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A 'Blood on the Tracks' redux, sans Dylan

By Wire services
Published March 3, 2004

MINNEAPOLIS - In late 1974, a studio in south Minneapolis took center stage in Bob Dylan's musical life: the rerecording of half the songs on his "comeback" album, Blood on the Tracks.

It was, as those who were there like to quote the song, a simple twist of fate that brought them together to help energize one of Dylan's most critically acclaimed and biggest-selling albums.

"This was a whole bunch of coincidences, beginning in New York ... that conspired to bring together a masterwork," says Kevin Odegard, who played guitar in the Minneapolis sessions.

Nearly 30 years later, those musicians remain largely anonymous and still uncredited on the album sleeve. But that anonymity is ending.

A new book, A Simple Twist of Fate: Bob Dylan and the Making of Blood on the Tracks (DaCapo Press, $25) by Odegard and British rock journalist Andy Gill, hit the shelves in February. The Minneapolis musicians will reunite to perform the album from start to finish tonight at the Pantages Theatre in Minneapolis.

Don't expect Dylan to be there. He is scheduled to perform tonight in St. Louis. He did not respond to an AP request for an interview.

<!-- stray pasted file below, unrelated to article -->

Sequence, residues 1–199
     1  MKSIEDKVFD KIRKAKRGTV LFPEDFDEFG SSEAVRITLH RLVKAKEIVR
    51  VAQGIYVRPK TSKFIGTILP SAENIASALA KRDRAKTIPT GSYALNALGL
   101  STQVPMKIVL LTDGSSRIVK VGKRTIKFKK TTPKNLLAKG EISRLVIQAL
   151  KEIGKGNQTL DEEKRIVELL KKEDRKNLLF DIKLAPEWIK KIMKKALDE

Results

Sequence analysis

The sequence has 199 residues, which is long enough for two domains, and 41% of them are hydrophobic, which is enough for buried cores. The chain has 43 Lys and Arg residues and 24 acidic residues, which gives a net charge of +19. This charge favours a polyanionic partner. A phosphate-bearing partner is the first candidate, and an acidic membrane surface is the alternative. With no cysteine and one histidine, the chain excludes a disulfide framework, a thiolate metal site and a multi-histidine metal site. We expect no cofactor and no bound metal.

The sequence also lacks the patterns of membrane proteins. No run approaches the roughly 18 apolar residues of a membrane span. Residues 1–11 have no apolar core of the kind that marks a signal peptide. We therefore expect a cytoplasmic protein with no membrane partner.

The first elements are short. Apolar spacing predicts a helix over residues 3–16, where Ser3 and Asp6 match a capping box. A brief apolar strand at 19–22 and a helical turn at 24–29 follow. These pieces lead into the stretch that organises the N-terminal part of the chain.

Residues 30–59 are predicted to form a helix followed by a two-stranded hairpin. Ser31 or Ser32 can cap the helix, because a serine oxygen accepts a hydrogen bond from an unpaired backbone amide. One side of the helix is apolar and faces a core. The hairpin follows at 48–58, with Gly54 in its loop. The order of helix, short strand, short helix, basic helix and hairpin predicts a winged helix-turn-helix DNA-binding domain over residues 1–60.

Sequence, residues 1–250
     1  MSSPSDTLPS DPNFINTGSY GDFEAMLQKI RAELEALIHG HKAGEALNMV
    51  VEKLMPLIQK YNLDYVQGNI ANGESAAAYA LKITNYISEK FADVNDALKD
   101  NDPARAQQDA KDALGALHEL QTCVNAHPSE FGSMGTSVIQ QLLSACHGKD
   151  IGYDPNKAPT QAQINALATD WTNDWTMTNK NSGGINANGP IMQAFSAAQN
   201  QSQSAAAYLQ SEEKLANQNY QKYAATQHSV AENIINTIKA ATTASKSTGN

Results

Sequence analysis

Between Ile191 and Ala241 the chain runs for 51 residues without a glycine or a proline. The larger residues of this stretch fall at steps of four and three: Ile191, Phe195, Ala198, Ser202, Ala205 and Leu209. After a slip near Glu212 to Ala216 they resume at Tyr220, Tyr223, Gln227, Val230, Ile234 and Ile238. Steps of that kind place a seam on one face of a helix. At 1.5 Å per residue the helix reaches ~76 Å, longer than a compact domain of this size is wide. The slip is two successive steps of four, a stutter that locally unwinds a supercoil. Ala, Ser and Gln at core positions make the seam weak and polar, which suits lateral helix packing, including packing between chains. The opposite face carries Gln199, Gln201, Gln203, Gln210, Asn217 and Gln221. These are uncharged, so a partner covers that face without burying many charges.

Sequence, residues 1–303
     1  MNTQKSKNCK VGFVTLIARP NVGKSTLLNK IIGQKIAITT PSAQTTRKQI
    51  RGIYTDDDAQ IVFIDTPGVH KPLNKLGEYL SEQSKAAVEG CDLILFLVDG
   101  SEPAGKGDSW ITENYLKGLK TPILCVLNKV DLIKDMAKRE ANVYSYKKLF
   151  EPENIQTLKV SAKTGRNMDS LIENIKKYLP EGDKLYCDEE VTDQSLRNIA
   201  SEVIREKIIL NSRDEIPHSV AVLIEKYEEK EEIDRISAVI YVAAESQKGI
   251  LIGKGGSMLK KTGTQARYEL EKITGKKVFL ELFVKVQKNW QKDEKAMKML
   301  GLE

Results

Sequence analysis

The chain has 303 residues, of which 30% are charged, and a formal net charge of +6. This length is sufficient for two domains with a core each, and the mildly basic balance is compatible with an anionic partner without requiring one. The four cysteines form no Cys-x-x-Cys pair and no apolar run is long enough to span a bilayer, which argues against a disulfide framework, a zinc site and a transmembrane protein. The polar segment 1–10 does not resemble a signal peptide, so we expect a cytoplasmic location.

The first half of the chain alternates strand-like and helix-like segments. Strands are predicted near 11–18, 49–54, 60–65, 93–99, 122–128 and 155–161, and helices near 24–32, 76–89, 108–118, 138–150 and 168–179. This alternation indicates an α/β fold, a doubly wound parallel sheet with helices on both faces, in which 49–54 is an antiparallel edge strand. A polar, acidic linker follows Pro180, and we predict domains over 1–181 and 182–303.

Blood on the Tracks came at a crucial time for Dylan, who had returned to Columbia Records after a stint with Asylum. His marriage to Sara Lowndes was breaking up, and the songs on Blood on the Tracks are mainly about love and loss.

Tangled Up in Blue, Dylan's jangly reminiscence about a lover and the 1960s when there was "music in the cafes at night and revolution in the air," is among the songs from the Minneapolis sessions that made the album, and it remains a Dylan concert staple.

Odegard had recorded two albums in the 1970s when he got a call from his manager, David Zimmerman, Dylan's younger brother. Zimmerman was looking for a rare 1930s Martin guitar, the type favored by singer Joan Baez.

"Right away my antenna went up," Odegard says. He contacted his friend Chris Weber, who owned a guitar store near the University of Minnesota. By coincidence, Weber had received a similar guitar on consignment.

Odegard swore Weber to secrecy: The guitar was for Dylan.

On Dec. 27, 1974, they headed to Sound 80, a studio in a working-class neighborhood. (Sound 80 has since been sold and is now used by Orfield Laboratories Inc. for testing products' acoustical properties.)

In walked Dylan, quietly, "just like one of the guys," Odegard says.

"He wasn't ultrastrange and scary and standing in the corner and people walking on tiptoes," Weber remembers. The "curly haired kid," 34 years old at the time, stuck out his hand and said, "Hi, I'm Bob Dylan," Weber says.

Dylan had recorded Idiot Wind in New York City that September at sessions overseen by producer Phil Ramone (since known for his work with Billy Joel, Paul Simon and Sinead O'Connor). But Dylan sounds venomous as he denounces a former lover in the Minneapolis version that ended up on the album.

Odegard credits the liveliness of the Minneapolis versions to the rhythm section of drummer Bill Berg and bassist Billy Peterson, known for their jazzy style. Peterson praises Dylan's spontaneity. After a few rehearsals with musicians who were hearing the songs for the first time, Dylan would quickly record them.

"He was a genius, man," Peterson says. "He captured the creative process. He never belabored it."

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